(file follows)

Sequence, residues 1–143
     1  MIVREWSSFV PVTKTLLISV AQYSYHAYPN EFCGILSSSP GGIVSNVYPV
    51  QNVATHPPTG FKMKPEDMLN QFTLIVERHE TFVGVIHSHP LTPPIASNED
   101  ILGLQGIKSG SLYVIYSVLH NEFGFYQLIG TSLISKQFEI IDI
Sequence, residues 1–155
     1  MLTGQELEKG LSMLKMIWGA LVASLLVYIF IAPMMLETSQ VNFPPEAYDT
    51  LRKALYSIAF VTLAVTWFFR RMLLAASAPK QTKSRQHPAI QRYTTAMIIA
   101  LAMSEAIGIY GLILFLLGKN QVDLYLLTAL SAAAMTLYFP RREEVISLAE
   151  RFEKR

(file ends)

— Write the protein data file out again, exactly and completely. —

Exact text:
Sequence, residues 1–143
     1  MIVREWSSFV PVTKTLLISV AQYSYHAYPN EFCGILSSSP GGIVSNVYPV
    51  QNVATHPPTG FKMKPEDMLN QFTLIVERHE TFVGVIHSHP LTPPIASNED
   101  ILGLQGIKSG SLYVIYSVLH NEFGFYQLIG TSLISKQFEI IDI
Sequence, residues 1–155
     1  MLTGQELEKG LSMLKMIWGA LVASLLVYIF IAPMMLETSQ VNFPPEAYDT
    51  LRKALYSIAF VTLAVTWFFR RMLLAASAPK QTKSRQHPAI QRYTTAMIIA
   101  LAMSEAIGIY GLILFLLGKN QVDLYLLTAL SAAAMTLYFP RREEVISLAE
   151  RFEKR